Why this analyst thinks we could be seeing the beginning of the end of cheap oil
Has oil become an unwanted commodity? Plunging prices suggest something is going on.
While diplomats in Paris hash out a legally binding accord to significantly curb greenhouse gas emissions, oil is trading at a seven-year low, closing Tuesday below $40 per barrel.
The price drop follows OPEC's failure to put a cap on oil production last week. Energy analysts predict prices could go lower in the next 12 months, but Dan Dicker, an oil analyst with The Street and OilPrice.com, says we could be in for a wild ride that will drive oil prices back up — way up.
“I think there could be a change of four to five million barrels [a day] over the course of the next 22 or 23 months in terms of what comes off line in terms of supply and what gets added in terms of demand,” says Dicker, the author of "Shale Boom, Shale Bust: The Myth of Saudi America." “It would mean a huge difference in the price of oil. In fact, I’m looking at prices in three digits as early as 2017.”
Dicker concedes that his hypothesis deviates sharply from other analysts who believes prices will stay low. He argues that the Saudis have reached a new limit when it comes to oil production.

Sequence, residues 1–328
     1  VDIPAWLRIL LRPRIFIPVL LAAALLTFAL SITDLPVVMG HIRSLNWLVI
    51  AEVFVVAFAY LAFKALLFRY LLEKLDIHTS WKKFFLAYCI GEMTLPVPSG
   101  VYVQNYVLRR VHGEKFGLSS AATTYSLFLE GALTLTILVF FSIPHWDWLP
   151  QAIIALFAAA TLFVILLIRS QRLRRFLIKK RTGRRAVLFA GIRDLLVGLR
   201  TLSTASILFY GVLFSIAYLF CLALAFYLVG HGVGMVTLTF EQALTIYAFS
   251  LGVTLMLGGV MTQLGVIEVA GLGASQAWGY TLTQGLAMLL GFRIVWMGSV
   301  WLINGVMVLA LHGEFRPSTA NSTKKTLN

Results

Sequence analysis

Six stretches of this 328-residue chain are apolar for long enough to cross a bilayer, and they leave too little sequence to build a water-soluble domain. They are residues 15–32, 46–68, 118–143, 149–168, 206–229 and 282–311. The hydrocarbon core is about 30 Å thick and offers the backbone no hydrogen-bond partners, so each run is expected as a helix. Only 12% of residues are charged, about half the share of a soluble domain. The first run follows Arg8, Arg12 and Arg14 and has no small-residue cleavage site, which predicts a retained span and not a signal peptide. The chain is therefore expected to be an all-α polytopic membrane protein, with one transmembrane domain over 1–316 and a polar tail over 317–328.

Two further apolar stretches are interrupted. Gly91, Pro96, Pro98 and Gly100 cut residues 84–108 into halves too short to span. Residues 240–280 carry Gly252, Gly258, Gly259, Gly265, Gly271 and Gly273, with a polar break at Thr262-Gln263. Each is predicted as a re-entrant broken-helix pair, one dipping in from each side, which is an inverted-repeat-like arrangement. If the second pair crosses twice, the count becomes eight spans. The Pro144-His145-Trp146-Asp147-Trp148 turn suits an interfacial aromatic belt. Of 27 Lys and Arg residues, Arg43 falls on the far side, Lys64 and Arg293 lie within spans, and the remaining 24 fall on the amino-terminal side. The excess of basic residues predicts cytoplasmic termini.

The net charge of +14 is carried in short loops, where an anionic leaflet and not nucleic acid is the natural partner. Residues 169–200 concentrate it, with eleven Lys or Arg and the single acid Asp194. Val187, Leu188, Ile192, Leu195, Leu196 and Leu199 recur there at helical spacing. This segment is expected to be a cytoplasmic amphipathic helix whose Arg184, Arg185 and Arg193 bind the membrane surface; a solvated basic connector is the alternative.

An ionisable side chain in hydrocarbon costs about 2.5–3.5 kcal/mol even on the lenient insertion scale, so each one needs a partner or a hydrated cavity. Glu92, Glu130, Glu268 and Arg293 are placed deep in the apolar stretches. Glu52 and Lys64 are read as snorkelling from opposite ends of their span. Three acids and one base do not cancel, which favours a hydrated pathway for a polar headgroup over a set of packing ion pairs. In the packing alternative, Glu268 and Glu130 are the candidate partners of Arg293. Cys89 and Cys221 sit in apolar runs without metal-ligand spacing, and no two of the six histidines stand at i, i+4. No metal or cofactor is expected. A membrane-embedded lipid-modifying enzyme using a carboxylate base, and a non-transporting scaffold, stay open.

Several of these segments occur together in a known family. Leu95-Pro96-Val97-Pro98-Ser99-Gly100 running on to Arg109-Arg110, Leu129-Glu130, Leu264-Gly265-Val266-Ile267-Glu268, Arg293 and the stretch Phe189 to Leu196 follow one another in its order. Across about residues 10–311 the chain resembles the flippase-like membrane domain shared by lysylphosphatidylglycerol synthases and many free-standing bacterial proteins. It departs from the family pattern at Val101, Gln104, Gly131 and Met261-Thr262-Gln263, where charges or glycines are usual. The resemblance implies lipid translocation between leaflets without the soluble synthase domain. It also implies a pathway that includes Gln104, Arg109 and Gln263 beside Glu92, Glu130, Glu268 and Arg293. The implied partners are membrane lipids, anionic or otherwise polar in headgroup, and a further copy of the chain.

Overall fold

“I think that they’re literally, and again I’m on the other side of this, as close to full production capabilities as they’re going to get,” he says. “They’re at a little more than 11 million barrels a day. We’ve talked about spare capacity for years with the Saudis, with a sort of a question mark on how much spare capacity they had. In other words, how much can the ultimately pump if they just wanted to open up the spigots full bore? This — 11 million barrels a day — has absolutely shocked the analysts from their predictions two, three, or four years ago. I think that the limits have really been reached.”
Over the next six to eight months, Dicker predicts that oil and gas prices will remain low, under $50 a barrel. In the long-term, other members of OPEC can increase production if they secure funding, including Iran and Iraq, but Dicker doesn’t find such a scenario possible.
“The potential there is huge,” he says. “But with all that’s going on there geopolitically, obviously that’s not a great bet to increase production two or three fold over the next three or four years.”